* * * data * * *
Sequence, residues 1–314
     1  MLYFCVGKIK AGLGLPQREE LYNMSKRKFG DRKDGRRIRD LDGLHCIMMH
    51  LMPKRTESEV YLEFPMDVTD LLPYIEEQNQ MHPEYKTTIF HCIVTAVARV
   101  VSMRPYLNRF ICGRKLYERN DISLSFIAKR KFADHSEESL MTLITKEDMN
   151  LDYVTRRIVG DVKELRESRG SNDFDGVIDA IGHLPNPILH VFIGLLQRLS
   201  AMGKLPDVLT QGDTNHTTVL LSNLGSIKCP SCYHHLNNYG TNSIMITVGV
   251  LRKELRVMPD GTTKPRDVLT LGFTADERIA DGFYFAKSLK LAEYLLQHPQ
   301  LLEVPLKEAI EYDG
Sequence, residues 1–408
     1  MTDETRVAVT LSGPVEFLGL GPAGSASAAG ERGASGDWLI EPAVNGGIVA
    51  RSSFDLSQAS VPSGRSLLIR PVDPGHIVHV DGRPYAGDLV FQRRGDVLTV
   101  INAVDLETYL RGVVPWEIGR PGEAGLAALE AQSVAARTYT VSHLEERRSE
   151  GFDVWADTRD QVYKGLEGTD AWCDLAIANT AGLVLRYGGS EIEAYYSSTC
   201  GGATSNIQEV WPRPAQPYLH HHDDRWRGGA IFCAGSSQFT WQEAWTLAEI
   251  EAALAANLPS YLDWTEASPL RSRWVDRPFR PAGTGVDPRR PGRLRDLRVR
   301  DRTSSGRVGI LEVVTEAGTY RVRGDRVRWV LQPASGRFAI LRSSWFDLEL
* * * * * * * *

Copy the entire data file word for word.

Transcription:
Sequence, residues 1–314
     1  MLYFCVGKIK AGLGLPQREE LYNMSKRKFG DRKDGRRIRD LDGLHCIMMH
    51  LMPKRTESEV YLEFPMDVTD LLPYIEEQNQ MHPEYKTTIF HCIVTAVARV
   101  VSMRPYLNRF ICGRKLYERN DISLSFIAKR KFADHSEESL MTLITKEDMN
   151  LDYVTRRIVG DVKELRESRG SNDFDGVIDA IGHLPNPILH VFIGLLQRLS
   201  AMGKLPDVLT QGDTNHTTVL LSNLGSIKCP SCYHHLNNYG TNSIMITVGV
   251  LRKELRVMPD GTTKPRDVLT LGFTADERIA DGFYFAKSLK LAEYLLQHPQ
   301  LLEVPLKEAI EYDG
Sequence, residues 1–408
     1  MTDETRVAVT LSGPVEFLGL GPAGSASAAG ERGASGDWLI EPAVNGGIVA
    51  RSSFDLSQAS VPSGRSLLIR PVDPGHIVHV DGRPYAGDLV FQRRGDVLTV
   101  INAVDLETYL RGVVPWEIGR PGEAGLAALE AQSVAARTYT VSHLEERRSE
   151  GFDVWADTRD QVYKGLEGTD AWCDLAIANT AGLVLRYGGS EIEAYYSSTC
   201  GGATSNIQEV WPRPAQPYLH HHDDRWRGGA IFCAGSSQFT WQEAWTLAEI
   251  EAALAANLPS YLDWTEASPL RSRWVDRPFR PAGTGVDPRR PGRLRDLRVR
   301  DRTSSGRVGI LEVVTEAGTY RVRGDRVRWV LQPASGRFAI LRSSWFDLEL